CONF: Defining Citizenship in Archaic Greece

Defining citizenship in archaic Greece

Thursday 7th May 2009

10.00 – 11.00: Registration in the Department of Classics
(1st Floor, Parkinson Building, University of Leeds)

11.00 onwards: Papers in the Beechgrove Room, University House

11.00 – 11.15: Introduction: Alain Duplouy (Paris)

11.15 – 11.45: John Davies (Liverpool) ‘The emergence and consolidation of the polis- state’.
11.45 – 12.15: Josine Blok (Utrecht) ‘Retracing steps: finding ways into archaic Greek citizenship.’
12.15 – 12.45: Discussion

12.45 – 14.00: Lunch

14.00 – 14.30: Paulin Ismard (Paris) ‘Archaic Associations and Citizenship in Athens.’
14.30 – 15.00: James Whitley (Cardiff) ‘Citizenship and commensality in Archaic Crete: Searching for the Andreion.’
15.00 – 15.30: Discussion

15.30 – 16.00: Tea

16.00 – 16.30: Paul Cartledge (Cambridge) ‘The Spartan contribution to Greek citizenship theory.’
16.30 – 17.00: Alain Duplouy (Paris) ‘Mass and elite: Civic versus aristocratic strategies?’
17.00 – 18.00: Discussion

The colloquium is open to all academic participants; postgraduate and undergraduate students are especially welcome. The conference fee, which includes tea/coffee and a buffet lunch, is £10, payable on the day. Directions to the University of Leeds and campus maps may be found at the following address: For any queries, please contact Roger Brock (r.w.brock AT; 0113 343 6785).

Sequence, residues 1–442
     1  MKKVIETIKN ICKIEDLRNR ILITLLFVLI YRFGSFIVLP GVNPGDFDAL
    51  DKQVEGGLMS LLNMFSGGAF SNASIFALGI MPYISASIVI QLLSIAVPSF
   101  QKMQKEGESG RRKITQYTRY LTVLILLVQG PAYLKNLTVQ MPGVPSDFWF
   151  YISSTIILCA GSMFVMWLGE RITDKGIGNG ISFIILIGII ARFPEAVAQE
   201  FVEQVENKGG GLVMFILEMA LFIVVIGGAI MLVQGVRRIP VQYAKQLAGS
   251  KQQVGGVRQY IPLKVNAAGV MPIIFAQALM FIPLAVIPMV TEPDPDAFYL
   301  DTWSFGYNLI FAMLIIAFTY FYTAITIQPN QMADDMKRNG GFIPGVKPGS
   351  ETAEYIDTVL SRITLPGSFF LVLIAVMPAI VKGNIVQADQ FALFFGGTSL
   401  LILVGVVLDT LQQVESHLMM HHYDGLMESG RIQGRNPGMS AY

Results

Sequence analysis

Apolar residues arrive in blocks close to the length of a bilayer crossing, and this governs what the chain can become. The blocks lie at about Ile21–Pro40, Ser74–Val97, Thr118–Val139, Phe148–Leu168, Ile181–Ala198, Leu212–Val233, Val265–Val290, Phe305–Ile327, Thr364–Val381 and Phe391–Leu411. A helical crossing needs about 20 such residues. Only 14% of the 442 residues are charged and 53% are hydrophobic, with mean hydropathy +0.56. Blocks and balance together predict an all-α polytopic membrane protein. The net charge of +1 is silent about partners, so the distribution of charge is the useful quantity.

This Day in Ancient History

ante diem iii kalendas maias

  • ludi Florales … a.k.a. Floralia (day 3) — a festival originally ordered in response to an interpretation of the Sybilline books in 238 B.C., it fell into desuetude only to be revived in 173 B.C.; it was a general festival of drinking and other merriment in honour of Flora, who presided over (of course) flowers and their blossoms

CONF: Lampeter Seminars


With the exception of KYKNOS papers which start at 6.00pm (, all papers start at 5.00pm. All seminars are held in the Roderick Bowen Research Centre. For more information please contact Mirjam Plantinga (m.plantinga AT or Owen Hodkinson (o.hodkinson AT All very welcome.

Thursday 23 April: Dr. Tina Chronopoulos (KCL), ‘A reading of an Horatian Ode with a 12th-cent. medieval Latin commentary in hand’, 5.00pm.

Thursday 30 April: Dr. Angelo Giavatto (Cologne), ‘How to write to yourself: structure and argumentation in the Meditations of Marcus Aurelius’, 5.00pm.

Thursday 7 May: Dr. Lindsay Allen (KCL), ‘At home in Persepolis’, 5.00pm.

Thursday 14 May (KYKNOS paper): Nora Goldschmidt (Magdalen College, Oxford), ‘Virgil, Ennius, and the Site of Rome’, 6.00pm.

Thursday 28 May (KYKNOS paper): Dr. Johanna Akkurjarvi (Lund), ‘Narrating Athens. Genres in Pausanias’ Attika’, 6.00pm.

Thursday 4 June (KYKNOS paper): Dr. Koen de Temmerman (Ghent), ‘Less than ideal paradigms in the ancient Greek novel’, 6.00pm.

CONF: Communities and Networks in the Ancient Greek World

6-9 JULY 2009

Organisers: Dr Claire Taylor, Trinity College Dublin
Dr Kostas Vlassopoulos, University of Nottingham

This conference will examine the networks of interaction within and between
different groups in the classical and early hellenistic periods. Questions for
exploration include:
• What constituted a ‘community’ within the Greek world?
• What networks did people create, belong to, and destroy?
• How were different groups of people interconnected, and how did they
negotiate the ‘boundaries’ between them?
• How did communities change in response to social, political, economic
• How can we use network theory to access the lives and activities of people
for whom little traditional evidence survives?

Paulin Ismard (Université Paris Est Marne la Vallée; Equipe Phéacie): Networks
of communities in classical and hellenistic Athens: cultural aspects.